When collectors think memorabilia, one of the first companies that pops into mind is Steiner Sports. Brandon Steiner, owner of the leading sports memorabilia company in New York (see photo above), has had a personal and professional relationship with Jeter since 1996.
Steiner Sports, which has an exclusive contract with Jeter to conduct multiple autograph signings per year, knew it had an opportunity to bombard the market with Jeter memorabilia when Jeter announced his retirement. However, Steiner just wanted to be tactful and offer collectors a better presentation of Jeter items from what his company has produced in the past.
“When I took a step back and I thought, ‘What do we really want to do this year that will be spectacular?’ ” Steiner said. “I was like, ‘You know something, I want to do nothing. Why would go out and invent something and hope that somebody likes it?’
“What I decided to do is I went back and looked at everything we’ve ever done in 18 years we’ve been with him and I upgraded everything. I put the photos on better paper, I had him sign the photos differently. We did more stuff from an artistic standpoint, on canvas. We dug into this guy’s moments, we just put those forward.”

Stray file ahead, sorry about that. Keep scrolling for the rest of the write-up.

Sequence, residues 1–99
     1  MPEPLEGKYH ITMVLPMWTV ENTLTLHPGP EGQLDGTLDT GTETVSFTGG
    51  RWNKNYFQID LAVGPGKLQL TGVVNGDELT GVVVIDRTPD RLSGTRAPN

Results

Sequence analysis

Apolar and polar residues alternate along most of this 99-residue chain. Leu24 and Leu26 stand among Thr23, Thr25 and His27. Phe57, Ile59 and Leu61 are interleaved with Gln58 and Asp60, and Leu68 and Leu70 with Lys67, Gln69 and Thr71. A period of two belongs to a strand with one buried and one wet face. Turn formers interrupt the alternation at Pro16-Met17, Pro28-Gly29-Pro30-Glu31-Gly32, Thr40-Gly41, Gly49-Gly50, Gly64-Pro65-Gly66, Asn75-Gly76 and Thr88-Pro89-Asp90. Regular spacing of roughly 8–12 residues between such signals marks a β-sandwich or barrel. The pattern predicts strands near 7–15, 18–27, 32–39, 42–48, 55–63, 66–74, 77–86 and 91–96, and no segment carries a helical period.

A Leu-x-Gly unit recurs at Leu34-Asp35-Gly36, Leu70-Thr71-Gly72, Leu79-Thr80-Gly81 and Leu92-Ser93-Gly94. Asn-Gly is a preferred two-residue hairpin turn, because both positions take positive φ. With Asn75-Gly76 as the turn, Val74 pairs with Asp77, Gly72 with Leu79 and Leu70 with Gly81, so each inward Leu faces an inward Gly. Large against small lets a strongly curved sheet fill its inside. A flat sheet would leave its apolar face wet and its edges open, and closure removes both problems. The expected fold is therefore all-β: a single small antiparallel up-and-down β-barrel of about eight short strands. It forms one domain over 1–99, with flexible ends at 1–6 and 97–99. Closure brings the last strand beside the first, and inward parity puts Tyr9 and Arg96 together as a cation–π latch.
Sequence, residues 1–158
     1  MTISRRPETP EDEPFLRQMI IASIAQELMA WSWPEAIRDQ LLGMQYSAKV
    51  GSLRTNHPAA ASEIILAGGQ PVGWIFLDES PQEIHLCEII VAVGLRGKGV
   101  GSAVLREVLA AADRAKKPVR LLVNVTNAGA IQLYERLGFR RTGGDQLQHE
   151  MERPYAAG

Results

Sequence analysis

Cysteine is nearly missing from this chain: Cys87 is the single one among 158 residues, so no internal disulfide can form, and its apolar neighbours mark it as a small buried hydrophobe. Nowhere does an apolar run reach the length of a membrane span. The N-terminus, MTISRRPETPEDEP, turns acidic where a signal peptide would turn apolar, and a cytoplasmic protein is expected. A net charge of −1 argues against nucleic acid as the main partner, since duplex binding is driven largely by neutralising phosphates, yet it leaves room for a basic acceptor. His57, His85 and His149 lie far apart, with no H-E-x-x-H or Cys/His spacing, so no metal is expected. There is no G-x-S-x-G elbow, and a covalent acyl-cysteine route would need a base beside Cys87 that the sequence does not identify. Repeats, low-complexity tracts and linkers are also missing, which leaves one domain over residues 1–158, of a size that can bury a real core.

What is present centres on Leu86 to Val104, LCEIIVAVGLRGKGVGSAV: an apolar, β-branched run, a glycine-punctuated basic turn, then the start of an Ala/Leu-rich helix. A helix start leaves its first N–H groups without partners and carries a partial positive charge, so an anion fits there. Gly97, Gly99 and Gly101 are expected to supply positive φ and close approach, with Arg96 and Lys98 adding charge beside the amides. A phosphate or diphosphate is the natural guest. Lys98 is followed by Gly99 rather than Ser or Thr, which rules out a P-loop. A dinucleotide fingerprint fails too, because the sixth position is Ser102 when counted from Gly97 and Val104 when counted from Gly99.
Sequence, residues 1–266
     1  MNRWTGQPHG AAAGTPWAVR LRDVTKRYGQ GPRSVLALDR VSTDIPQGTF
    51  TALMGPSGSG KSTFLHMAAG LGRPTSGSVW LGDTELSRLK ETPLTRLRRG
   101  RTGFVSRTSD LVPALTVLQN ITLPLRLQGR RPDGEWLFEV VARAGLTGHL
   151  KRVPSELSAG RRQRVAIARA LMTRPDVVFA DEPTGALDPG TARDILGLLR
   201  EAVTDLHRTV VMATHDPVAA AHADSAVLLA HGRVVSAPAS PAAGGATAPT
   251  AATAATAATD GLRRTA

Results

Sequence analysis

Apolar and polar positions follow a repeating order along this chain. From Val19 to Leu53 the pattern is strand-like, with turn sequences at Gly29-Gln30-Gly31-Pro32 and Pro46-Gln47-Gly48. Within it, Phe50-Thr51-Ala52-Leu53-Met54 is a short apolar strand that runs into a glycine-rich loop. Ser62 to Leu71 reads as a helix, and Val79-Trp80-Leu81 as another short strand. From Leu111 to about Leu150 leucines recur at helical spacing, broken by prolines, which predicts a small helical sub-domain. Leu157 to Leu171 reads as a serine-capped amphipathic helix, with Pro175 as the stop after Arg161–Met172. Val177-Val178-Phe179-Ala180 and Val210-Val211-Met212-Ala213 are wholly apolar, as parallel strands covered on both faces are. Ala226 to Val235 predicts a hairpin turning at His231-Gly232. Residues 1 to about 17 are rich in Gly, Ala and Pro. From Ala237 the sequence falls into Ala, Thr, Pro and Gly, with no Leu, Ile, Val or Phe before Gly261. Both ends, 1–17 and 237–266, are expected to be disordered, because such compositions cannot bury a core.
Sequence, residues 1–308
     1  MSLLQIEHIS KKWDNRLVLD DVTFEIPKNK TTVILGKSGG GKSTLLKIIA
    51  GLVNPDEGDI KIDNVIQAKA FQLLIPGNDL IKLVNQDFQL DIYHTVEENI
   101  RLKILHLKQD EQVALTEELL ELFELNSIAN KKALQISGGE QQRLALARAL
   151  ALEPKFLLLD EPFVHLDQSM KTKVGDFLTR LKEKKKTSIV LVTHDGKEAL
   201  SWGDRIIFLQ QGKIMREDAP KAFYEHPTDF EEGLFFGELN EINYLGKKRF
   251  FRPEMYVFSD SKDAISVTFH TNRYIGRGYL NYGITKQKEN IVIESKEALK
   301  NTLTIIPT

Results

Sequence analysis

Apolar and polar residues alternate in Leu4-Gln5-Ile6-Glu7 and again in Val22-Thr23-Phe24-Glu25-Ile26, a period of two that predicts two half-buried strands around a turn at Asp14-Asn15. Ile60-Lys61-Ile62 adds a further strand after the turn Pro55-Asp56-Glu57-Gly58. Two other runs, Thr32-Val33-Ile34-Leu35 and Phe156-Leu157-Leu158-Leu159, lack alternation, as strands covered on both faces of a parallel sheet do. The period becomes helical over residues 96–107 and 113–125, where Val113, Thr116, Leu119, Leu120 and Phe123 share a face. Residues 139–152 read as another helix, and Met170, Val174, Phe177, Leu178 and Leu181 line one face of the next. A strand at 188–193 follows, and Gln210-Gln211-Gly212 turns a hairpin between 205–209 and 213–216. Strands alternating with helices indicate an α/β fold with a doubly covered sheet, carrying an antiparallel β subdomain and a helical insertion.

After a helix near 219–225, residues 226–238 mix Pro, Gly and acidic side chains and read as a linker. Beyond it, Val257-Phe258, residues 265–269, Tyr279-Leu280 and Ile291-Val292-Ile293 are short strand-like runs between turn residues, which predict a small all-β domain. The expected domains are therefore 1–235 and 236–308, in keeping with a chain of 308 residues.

Steiner also wanted to provide collectors with a special opportunity. Fans have been able to send Steiner Sports a personal memento or collectible for Jeter to sign, inscribe or personalize, and the company will mail back the item to the collector. So many people having been sending in their favorite Jeter items, Steiner wasn’t able to get as much Jeter memorabilia autographed for selling to the general public. However, Steiner Sports still has a solid, diverse selection to choose from on its website.
As of mid-September, Steiner Sports had a bit more than 250 items for sale in its “Final Season Collection” of Jeter products. The memorabilia ranged in price from $19.99 for a 5-by-7 photo of Jeter’s first home run with a small sample of dirt from Yankee Stadium to $35,010 for Jeter game-used jersey and pants from when he recorded this 3,319th and 3,320th career hits in Toronto.
Oh, how prices of Jeter items have changed over the years. Steiner recalls selling Jeter autographed baseballs back in 1996 and ’97 for $30-$35. Now, prices are 20 times that, hovering around $700.